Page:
Adjudicating Access: The Zhejiang Provincial Archives

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Last week I stopped by the 浙江省档案馆 Zhejiang Provincial Archives one afternoon to get a sense of how things work there. I didn’t know if researching (or even trying) at the archives was worth my time because their website is bereft of essential information, such as a searchable folder-level catalog. Would they have files related to my project? And would they be accessible?

I found out the information online is limited because permission to research is granted on a case by case basis and access to the post-1949 catalog is restricted to staff only. Yes, even the catalog is classified.

(Rejoice pre-1949ers, the Republican period catalog is searchable by researchers via on site computers.)

Since I’m researching the 1960s and couldn’t see any catalogs. I asked how will I know what to request, then?

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Here’s how it works: you fill out an application with name, contact info, letter of introduction from a Chinese danwei, and several sentences describing what you are looking for. The staff then go to their computers and search the catalog. You are 10 feet away from them, so you can try to give some advice on search terms, but they are doing the work.

After a few minutes, they will have compiled a list of folder and document entries from the catalog. Who knows what they left out due to search terms and/or by choice. This list is presented and you can then request specific entries that look related to your project.

But! This is just the first step. My application and the documents I wanted to see had to be reviewed and approved by a committee. The staff said this can take up to 30 days, though they try to process applications much more quickly than that. In other words, don’t expect to get any research done on day one.

In my case, it took only two day for my application to be adjudicated and approved, so I came back to the archives today. Only 11 individual documents were awaiting me, so some of my requests were not approved. I didn’t take good notes on my requests, so I don’t know what I didn’t receive–this is a bad research practice in China. Lesson learned.

An aside: the documents were printed out, not originals. Presumably this means that the PRC-era holdings of Zhejiang Provincial Archives are digitized and could be made accessible through a database system similar to the Shanghai Municipal Archives. If the archives was more open and research oriented…

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Photocopies and cameras are not permitted, but computers are allowed. I was encouraged to take notes and transcribe as much as I wanted. The reading room is wide, has big tables, and has outlets to keep electronics fully charged. There were very few other people present during both times I visited. Things were mostly quiet, except for one or two agitated citizens seeking information.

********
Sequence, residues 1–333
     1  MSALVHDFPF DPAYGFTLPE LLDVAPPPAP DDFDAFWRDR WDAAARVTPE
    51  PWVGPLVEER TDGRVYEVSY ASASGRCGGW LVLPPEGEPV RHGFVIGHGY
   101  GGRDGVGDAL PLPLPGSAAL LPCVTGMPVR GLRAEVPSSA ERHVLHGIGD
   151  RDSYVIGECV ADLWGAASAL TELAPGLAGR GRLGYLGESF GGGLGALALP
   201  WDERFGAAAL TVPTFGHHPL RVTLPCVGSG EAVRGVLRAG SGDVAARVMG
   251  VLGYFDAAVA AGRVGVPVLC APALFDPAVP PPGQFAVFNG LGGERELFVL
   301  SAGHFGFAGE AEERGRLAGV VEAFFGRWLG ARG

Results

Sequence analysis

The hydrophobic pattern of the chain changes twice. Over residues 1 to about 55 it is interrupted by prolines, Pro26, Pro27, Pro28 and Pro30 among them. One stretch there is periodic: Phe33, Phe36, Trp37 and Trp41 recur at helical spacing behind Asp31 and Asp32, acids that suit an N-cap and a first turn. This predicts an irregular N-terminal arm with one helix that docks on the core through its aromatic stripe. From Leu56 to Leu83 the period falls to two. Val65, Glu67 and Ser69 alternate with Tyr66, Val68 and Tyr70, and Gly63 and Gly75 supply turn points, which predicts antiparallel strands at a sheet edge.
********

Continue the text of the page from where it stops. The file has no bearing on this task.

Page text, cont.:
I worked through the 11 documents quickly and wanted to put in another request. But by this point in the day, the two lead staff had left for a meeting and the junior reading room assistant didn’t have permission to run catalog searches for researchers. Bummer. I was told to call back after the national day celebrations.

Since I was allowed to do research here, I encourage others to come as well. But my suggestion is to first make a quick stop at the Zhejiang Provincial Archives, interface with the staff and submit your application/request, and then head over to the much more researcher-friendly Hangzhou Municipal Archives. After a few days at the Municipal Archives, hopefully the Provincial Archives will have finished adjudicating your application and you can go back to Shuguang Road. It is a lovely neighborhood, at least.

The Zhejiang Provincial Archives is located at 浙江省杭州市西湖区曙光路45号. Follow the signs down the path, enter the compound, turn left and then right again. Go down the road for a minute. The reading room is on the 2nd floor of the building.

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5 thoughts on “Adjudicating Access: The Zhejiang Provincial Archives

    1. No problem! But two caveats almost always apply when researching in China’s archives: conditions on access change frequently and, relatedly, no two researchers will necessarily share the same experience at the same archive, even if they visit at roughly the same time.

      This is why I think it’s a good idea to cast a wide net in terms of archives. Visit a bunch if you can. You’ll inevitably hit a few walls, but you’ll also be successful at others.

      Shanghai and Beijing are usually safe bets though.

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